The Ayatollah himself can be removed from office and another worthy successor of His bloodline (Same lineage as Muhammad and all the Biblical prophets including Jesus) placed in his stead if he should transgress in this respect. fatwas such as those issued by both Ayatollahs since the founding of the IRI against the use of Nuclear Weapons and declaring them un-Islamic have to be and are in accordance with direct and clearly understood Quranic verses. Nukes are un-Islamic on many levels in fact. For a Muslim nation to own them is grotesque and totally against the teachings of the exact things all Islamic sects in fact agree upon without argument. Oddly enough it is only Shias who seem to adhere to these things in all things. Never seeking Walis among non Muslims, even though Shias have been Wali to other non-Muslims when required. Witness the protection under Shia ruled states like Syria and Iran of Christians, Jews, Zoroastrians, and many smaller religions and sects. Such minorities would be in real danger and often have been under Sunni rule which is why even when they are a minority themselves, a sizeable population of Shias will usually provide the most popular leadership for all but the more extremist Sunni factions. Precisely those everyone else including moderate and tolerant Sunnis, which is still most of them, fear coming to power. The same Takfiri extremists (Takfirism is as extreme as it gets. A literal death cult) the USA and allies have been training and arming in Syria and Iraq too.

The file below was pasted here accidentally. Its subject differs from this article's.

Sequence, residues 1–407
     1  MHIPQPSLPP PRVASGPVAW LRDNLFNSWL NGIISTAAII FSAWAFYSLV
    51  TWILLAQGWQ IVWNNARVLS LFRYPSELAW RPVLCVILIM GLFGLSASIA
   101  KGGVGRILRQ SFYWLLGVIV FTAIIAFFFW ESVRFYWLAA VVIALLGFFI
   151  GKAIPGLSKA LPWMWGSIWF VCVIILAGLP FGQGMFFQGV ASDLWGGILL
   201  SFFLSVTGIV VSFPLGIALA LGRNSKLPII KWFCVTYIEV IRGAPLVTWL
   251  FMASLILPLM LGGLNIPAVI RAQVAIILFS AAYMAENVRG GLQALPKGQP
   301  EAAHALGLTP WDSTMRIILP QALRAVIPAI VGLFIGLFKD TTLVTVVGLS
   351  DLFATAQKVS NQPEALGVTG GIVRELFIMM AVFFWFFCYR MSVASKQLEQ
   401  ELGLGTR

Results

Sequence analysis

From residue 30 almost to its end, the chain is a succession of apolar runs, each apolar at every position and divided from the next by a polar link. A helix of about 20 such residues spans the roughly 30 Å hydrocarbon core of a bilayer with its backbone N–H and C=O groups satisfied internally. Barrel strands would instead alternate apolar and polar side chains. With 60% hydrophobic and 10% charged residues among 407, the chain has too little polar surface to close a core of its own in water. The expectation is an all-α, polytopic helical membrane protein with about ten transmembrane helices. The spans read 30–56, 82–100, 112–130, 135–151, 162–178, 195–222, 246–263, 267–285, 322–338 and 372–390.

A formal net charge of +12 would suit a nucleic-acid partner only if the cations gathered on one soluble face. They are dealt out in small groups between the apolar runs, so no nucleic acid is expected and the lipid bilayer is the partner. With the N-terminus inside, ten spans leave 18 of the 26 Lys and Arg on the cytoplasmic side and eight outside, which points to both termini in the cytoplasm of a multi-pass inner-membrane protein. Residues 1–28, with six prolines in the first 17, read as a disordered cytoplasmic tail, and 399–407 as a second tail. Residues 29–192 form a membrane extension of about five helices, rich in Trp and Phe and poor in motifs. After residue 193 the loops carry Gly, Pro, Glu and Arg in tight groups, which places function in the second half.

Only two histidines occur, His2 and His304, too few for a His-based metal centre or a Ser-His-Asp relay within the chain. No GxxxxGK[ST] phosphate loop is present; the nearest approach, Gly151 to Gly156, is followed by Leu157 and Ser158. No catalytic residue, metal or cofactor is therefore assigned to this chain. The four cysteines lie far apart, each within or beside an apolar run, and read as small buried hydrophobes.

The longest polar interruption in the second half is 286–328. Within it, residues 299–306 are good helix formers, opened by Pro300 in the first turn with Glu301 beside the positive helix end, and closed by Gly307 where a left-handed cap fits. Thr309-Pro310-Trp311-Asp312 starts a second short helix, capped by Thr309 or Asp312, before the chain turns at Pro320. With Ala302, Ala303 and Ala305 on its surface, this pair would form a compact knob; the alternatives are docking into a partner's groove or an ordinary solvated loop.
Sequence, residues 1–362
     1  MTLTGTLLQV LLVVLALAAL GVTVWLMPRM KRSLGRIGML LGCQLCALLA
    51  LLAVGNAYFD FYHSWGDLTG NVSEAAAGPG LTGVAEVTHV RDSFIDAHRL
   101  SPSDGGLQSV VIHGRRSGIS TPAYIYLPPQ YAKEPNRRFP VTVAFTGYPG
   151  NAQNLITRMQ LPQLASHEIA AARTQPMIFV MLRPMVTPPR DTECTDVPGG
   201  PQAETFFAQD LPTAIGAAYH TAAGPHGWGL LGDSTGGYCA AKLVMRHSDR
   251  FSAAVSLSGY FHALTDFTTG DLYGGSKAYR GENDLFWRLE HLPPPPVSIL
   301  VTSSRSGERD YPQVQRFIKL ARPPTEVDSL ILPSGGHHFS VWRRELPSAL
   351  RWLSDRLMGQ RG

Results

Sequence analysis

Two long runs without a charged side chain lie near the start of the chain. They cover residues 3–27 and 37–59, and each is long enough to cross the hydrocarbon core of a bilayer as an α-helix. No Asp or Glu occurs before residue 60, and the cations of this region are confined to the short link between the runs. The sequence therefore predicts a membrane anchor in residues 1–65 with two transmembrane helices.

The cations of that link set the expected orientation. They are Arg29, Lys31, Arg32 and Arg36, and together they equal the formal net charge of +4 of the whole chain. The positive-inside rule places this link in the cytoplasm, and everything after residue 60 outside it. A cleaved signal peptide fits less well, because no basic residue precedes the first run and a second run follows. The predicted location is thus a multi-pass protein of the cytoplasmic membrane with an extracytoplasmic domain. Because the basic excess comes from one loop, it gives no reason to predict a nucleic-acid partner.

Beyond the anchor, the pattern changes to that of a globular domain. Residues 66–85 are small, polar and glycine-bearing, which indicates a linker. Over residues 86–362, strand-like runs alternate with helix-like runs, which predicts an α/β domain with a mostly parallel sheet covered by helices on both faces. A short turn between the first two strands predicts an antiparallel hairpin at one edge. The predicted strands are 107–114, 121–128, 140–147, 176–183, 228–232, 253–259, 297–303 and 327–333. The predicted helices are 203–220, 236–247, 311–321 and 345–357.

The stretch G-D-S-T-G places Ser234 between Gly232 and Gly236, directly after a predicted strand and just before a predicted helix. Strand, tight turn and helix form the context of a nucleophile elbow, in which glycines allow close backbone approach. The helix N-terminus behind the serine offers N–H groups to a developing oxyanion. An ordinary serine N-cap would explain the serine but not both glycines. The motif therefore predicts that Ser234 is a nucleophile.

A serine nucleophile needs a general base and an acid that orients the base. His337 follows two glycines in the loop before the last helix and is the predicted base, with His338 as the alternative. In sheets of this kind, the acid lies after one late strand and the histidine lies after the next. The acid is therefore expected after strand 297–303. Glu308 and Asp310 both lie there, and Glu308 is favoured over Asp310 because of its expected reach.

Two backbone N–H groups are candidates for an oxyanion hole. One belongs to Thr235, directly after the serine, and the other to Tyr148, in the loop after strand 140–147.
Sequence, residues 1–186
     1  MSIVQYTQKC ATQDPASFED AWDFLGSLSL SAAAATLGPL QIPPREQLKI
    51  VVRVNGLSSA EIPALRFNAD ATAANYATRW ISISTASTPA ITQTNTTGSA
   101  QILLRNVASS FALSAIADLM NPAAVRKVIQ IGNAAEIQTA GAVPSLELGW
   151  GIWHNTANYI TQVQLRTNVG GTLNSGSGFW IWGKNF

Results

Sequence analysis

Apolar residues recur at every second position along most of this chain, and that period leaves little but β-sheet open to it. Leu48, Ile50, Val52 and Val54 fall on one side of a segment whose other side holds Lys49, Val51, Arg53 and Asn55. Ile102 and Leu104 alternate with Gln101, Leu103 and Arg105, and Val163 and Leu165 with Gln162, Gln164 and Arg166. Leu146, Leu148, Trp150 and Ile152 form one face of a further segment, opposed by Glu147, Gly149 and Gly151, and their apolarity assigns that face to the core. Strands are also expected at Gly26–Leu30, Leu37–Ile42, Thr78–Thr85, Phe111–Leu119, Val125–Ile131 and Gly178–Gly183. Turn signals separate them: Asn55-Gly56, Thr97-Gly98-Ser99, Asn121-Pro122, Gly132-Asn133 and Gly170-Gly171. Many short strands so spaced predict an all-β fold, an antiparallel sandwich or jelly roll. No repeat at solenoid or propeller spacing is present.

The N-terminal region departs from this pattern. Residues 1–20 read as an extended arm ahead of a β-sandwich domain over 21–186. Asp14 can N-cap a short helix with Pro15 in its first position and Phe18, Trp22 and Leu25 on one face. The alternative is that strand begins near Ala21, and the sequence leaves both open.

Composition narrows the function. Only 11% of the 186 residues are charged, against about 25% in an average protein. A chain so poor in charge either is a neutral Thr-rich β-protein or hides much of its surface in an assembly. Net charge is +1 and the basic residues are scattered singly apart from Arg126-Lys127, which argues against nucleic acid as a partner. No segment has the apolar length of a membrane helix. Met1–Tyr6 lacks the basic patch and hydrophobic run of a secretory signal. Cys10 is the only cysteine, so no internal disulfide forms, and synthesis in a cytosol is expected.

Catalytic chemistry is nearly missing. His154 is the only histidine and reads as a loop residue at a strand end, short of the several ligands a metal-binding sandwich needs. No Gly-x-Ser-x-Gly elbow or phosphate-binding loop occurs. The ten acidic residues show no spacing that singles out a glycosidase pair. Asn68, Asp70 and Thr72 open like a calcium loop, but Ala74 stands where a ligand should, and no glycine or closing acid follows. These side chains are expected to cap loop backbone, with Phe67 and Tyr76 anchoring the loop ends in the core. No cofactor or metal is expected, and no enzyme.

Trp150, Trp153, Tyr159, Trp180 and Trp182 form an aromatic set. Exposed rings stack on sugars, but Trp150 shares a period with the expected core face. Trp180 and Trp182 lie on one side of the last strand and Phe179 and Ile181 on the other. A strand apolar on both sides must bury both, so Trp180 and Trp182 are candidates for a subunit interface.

There is no such thing as Persian neo-colonialism. Iran is not expansionist in any sense. Shias look after Shias and other Muslims too who request it. What you see as expansionism is just traditional Shia communities who were sidelined and scapegoated by British and now US imperialists because Shia Islam does not bow to anything or anyone. We follow the one God and His teachings as they are written and we remain independent always as it is commanded. Shias make very poor subjects of Empire as a rule. Even their own that have been in the past. However in resistance the best comes out and nobody can stand against us as Hezbollah and Yemenis are teaching their foes. Iran is at the centre of this because unlike Sunnis we don’t have thousands of self appointed Imams and scholars we have one head of the Ummah as it was in the time of the Prophet. He resides in Iran and all Shias look to Iran for leadership and example. Worry about anyone who looks to Saudi Arabia as a example or that apostate abomination of Wahhabism to see where the inspiration for terrorism comes from. They just need the nod from Uncle Sam their master and they can be set upon any recalcitrant ally or enemy who refuses the orders from Washington